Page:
The Stanley Cup Final is over, and the Colorado Avalanche are the champions. Now, teams across the league will look to find the next Cale Makar, as their focus turns to the 2022 NHL Draft. The draft kicks off on July 7, just nine days from this posting. The opening of NHL free agency will certainly receive more attention, but there is no more important event for the Seattle Kraken this offseason than the draft. To help you contextualize the selections on draft day, we’ve come up with the inaugural Sound Of Hockey composite draft rankings big board.
Important note on using the Sound Of Hockey Big Board: If you want to filter the data by various categories, highlight row 3, then select “Data,” “Filter Views,” and “Create New Temporary Filter View.” This will allow you to manipulate the data in a way visible only to you.
Focusing on the draft
The Kraken could not replicate the inaugural season sizzle delivered by the Vegas Golden Knights. Thus, whether by design or necessity, Seattle must now build from the ground up. This starts with the draft.
Fortunately, the Kraken made up for a lack of deals off the hop by making a slew of trades at the NHL Trade Deadline. As a result, they are well positioned to make noise at the draft. Seattle has 12 picks overall, including six in the top 68, and 10 of the top 132.
While it is certainly possible the Kraken won’t use all of these picks, this abundance of draft capital means the Kraken can reasonably expect to walk away with approximately three future NHL contributors.
Furthermore, the abundance of picks in the 30’s-60’s might very well play into a strength of Ron Francis-managed front offices in identifying undervalued second-tier talent.
Introducing the 2022 NHL Draft composite big board
The Sound Of Hockey composite draft rankings big board lists 675 potential draft prospects. For each of these prospects, we compiled basic player data from Elite Prospects and the NHL Draft combine, mostly via Mark Scheig, including:
- draft year club team and league;
- birthdate and age;
- reported height and weight;
- NHL Combine measured height, weight, and wingspan (if available), and
- draft year club team games played, goals, assists, points, penalty minutes, goals against average, and/or save percentage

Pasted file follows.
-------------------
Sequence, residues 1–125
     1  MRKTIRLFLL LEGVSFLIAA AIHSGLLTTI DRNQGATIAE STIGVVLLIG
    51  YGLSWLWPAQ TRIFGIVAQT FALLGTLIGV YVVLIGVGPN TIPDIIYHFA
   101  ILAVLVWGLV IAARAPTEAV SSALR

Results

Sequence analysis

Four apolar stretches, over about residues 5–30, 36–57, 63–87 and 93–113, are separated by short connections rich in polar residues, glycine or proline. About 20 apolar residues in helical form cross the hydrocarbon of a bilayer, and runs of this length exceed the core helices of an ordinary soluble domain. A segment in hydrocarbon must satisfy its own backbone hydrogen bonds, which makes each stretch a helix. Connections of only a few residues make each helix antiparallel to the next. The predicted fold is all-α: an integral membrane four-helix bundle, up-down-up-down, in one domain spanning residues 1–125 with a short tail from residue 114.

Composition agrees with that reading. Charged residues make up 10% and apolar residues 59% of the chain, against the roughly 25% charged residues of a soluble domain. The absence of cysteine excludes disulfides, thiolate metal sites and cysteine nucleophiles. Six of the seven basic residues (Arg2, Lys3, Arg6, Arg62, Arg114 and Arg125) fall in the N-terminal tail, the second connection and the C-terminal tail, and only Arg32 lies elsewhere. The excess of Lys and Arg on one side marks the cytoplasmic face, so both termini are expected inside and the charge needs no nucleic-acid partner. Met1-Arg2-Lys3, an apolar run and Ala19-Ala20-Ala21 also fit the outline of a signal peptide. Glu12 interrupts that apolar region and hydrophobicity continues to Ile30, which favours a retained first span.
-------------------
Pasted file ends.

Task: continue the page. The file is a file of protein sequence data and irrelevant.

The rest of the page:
Additionally, we pored over many public draft guides and rankings, compiled the lists, and built a composite big board of top prospects in the 2022 NHL Draft class. The goal was to assemble a list reflecting the “consensus” or “average” view of the draft-eligible players.
We did this by taking a weighted geomean of reputable, public, “final” postseason prospect rankings. 331 prospects were listed in one or more of the draft publications we consulted and therefore are “ranked” on our board. The remaining prospects are all ranked tied-332nd.
The full draft board is in a Google Sheets document here. Here is a summary of the ranked results:
Building the board
After gathering basic player data, we ranked the players using the following sources:
- Corey Pronman of The Athletic (link) ($$): 127 ranked prospects
- Scott Wheeler of The Athletic (link) ($$): 100 ranked prospects
- Chris Peters of Daily Faceoff (link): 100 ranked prospects
- Craig Button of TSN (link): 96 ranked prospects
- Bob McKenzie of TSN (link): 90 ranked prospects
- Sam Cosentino of Sportsnet (link): 32 ranked prospects
- Elite Prospects (link) (top 32 free; full list $$): 121 ranked prospects
- McKeen’s (link) (top 32 free; full list $$): 224 ranked prospects
- Smaht Scouting (link): 128 ranked prospects
- Tony Ferrari of Hockey News (link): 100 ranked prospects
- Ian Kennedy of Yahoo Sports (link): 32 ranked prospects
- Peter Baracchini of The Hockey Writers (link): 160 ranked prospects
- Matthew Zator of The Hockey Writers (link): 128 ranked prospects
- Adam Herman of Bleacher Report (link): 32 ranked prospects
- Recruit Prospects (link): 224 ranked prospects
- FC Hockey (link): 200+ ranked prospects
- Dobber Prospects (link): 100 ranked prospects
- DraftPro (link): 100 ranked prospects
- HockeyProspect.com (link): 32 ranked prospects
If you have recommendations for other strong sources to use in future iterations of the draft board, drop us a line on Twitter or in the comments below.
As noted above, after gathering this information, we then took the “weighted” geomean of these ranks. Why did we use geomean? Read up here.